Public Mood–Driven Asset Allocation: the Importance of Financial Sentiment in Portfolio Management


The study of the impact of investor sentiment on stock returns has gained increasing momentum in the past few years. It has been widely accepted that public mood is correlated with financial markets. However, only a few studies discussed how the public mood would affect one of the fundamental problems of computational finance: portfolio management. In this study, we use public financial sentiment and historical prices collected from the New York Stock Exchange (NYSE) to train multiple machine learning models for automatic wealth allocation across a set of assets. Unlike previous studies which set as target variable the asset prices in the portfolio, the variable to predict here is represented by the best asset allocation strategy ex post. Experiments performed on five portfolios show that long short-term memory networks are superior to multi-layer perceptron and random forests producing, in the period under analysis, an average increase in the revenue across the portfolios ranging between 5% (without financial mood) and 19% (with financial mood) compared to the equal-weighted portfolio. Results show that our all-in-one and end-to-end approach for automatic portfolio selection outperforms the equal-weighted portfolio. Moreover, when using long short-term memory networks, the employment of sentiment data in addition to lagged data leads to greater returns for all the five portfolios under evaluation. Finally, we find that among the employed machine learning algorithms, long short-term memory networks are better suited for learning the impact of public mood on financial time series.

This is a preview of subscription content, access via your institution.

Fig. 1
Fig. 2


  1. 1.

    Bollen J, Mao H, Zeng X. Twitter mood predicts the stock market. J Comput Sci 2011;2(1):1–8.

    Article  Google Scholar 

  2. 2.

    Howard N, Cambria E. Intention awareness: improving upon situation awareness in human-centric environments. Human-centric Computing and Information Sciences 2013;3(1):9.

    Article  Google Scholar 

  3. 3.

    Nassirtoussi AK, Aghabozorgi S, Wah TY, Chek D, Ngo L. Text mining for market prediction A systematic review. Expert Syst Appl 2014;41(16):7653–7670.

    Article  Google Scholar 

  4. 4.

    Fama EF. The behavior of stock-market prices. J Bus 1965;38(1):34–105.

    Article  Google Scholar 

  5. 5.

    Black F. Noise. J Finance 1986;41(3):528–543.

    Article  Google Scholar 

  6. 6.

    Bradford De Long J, Shleifer A, Summers LH, Waldmann RJ. Noise trader risk in financial markets. J Political Econ 1990;98(4):703–738.

    Article  Google Scholar 

  7. 7.

    Kavussanos MG, Dockery E. A multivariate test for stock market efficiency: the case of ase. Appl Financ Econ 2001;11(5):573–579.

    Article  Google Scholar 

  8. 8.

    Bo Q, Rasheed K. Stock market prediction with multiple classifiers. Appl Intell 2007;26(1):25–33.

    Article  Google Scholar 

  9. 9.

    Fama EF. Efficient capital markets: a review of theory and empirical work. J Finance 1970;25(2):383–417.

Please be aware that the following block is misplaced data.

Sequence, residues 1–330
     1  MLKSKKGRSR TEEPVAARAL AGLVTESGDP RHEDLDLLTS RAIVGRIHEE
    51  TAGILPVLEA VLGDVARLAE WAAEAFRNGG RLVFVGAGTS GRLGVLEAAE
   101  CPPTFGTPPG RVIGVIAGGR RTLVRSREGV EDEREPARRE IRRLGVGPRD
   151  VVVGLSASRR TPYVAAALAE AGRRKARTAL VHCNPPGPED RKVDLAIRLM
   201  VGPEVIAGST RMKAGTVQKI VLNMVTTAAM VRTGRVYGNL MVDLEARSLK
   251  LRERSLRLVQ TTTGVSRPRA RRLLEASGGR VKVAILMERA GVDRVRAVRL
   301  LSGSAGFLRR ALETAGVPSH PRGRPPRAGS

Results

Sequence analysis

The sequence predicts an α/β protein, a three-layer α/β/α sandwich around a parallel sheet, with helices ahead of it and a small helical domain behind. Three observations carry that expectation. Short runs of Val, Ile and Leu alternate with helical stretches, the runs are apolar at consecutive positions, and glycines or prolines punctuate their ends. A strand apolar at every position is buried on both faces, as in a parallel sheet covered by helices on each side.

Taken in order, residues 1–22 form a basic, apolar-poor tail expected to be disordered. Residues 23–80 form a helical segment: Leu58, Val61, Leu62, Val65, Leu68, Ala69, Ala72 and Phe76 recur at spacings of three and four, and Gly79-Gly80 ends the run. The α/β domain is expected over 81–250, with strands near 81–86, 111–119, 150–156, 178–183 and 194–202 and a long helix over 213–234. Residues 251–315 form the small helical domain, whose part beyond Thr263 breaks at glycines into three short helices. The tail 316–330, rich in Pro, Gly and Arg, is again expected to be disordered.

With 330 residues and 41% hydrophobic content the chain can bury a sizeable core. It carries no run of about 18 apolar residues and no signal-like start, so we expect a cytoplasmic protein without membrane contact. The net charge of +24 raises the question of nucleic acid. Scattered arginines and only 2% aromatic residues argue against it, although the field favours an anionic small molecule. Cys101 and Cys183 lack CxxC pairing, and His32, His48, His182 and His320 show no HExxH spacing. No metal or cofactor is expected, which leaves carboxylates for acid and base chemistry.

Article  Google Scholar 

  10. 10.

    Li Q, Jiang L, Li P, Chen H. 2015. Tensor-based learning for predicting stock movements. In: AAAI, pp 1784–1790.

  11. 11.

    Gregory W. Brown and Michael T Cliff. Investor sentiment and the near-term stock market. J Rmpir Finance 2004;11(1):1–27.

    Article  Google Scholar 

  12. 12.

    Xing F, Cambria E, Welsch R. Natural language based financial forecasting: a survey. Artifx Intell Rev 2018;50(1):49–73.

    Article  Google Scholar 

  13. 13.

    Tetlock PC, Saar-Tsechansky M, Macskassy S. More than words: quantifying language to measure firms’ fundamentals. J Finance 2008;63(3):1437–1467.

    Article  Google Scholar 

  14. 14.

    Li F. The information content of forward-looking statements in corporate filings—a naïve Bayesian machine learning approach. J Account Res 2010;48(5):1049–1102.

    Article  Google Scholar 

  15. 15.

    Schumaker RP, Chen H. Textual analysis of stock market prediction using breaking financial news The azfin text system. ACM Trans Inf Syst (TOIS) 2009;27(2):12.

    Article  Google Scholar 

  16. 16.

    Smailović J, Grčar M, Lavrač N, žnidaršič M. Predictive sentiment analysis of tweets: a stock market application. Human-Computer Interaction and Knowledge Discovery in Complex, Unstructured, Big Data. Springer; 2013. p. 77–88.

  17. 17.

    Xing F, Cambria E, Malandri L, Vercellis C. Discovering Bayesian market views for intelligent asset allocation. ECML; 2018.

  18. 18.

    Si J, Mukherjee A, Liu B, Li Q, Li H, Deng X. Exploiting topic based twitter sentiment for stock prediction. Proceedings of the 51st Annual Meeting of the Association for Computational Linguistics (Volume 2: Short Papers); 2013. p. 24–29.

  19. 19.

    Ranco G, Aleksovski D, Caldarelli G, Grčar M, Mozetič I. 2015. The effects of twitter sentiment on stock price returns, Vol. 10.

  20. 20.

    Papana A, Kyrtsou C, Kugiumtzis D, Diks C. Detecting causality in non-stationary time series using partial symbolic transfer entropy: evidence in financial data. Comput Econ 2016;47(3):341–365.

    Article  Google Scholar 

  21. 21.

    Tafti A, Zotti R, Jank W. 2016. Real-time diffusion of information on twitter and the financial markets, Vol. 11.

  22. 22.

    Akita R, Yoshihara A, Matsubara T, Uehara K. Deep learning for stock prediction using numerical and textual information. 2016 IEEE/ACIS 15th International Conference on Computer and Information Science (ICIS). IEEE; 2016. p. 1–6.

  23. 23.

    Das SR, Chen MY. Yahoo! for amazon: sentiment extraction from small talk on the web. Manag Sci 2007; 53(9):1375–1388.

    Article  Google Scholar 

  24. 24.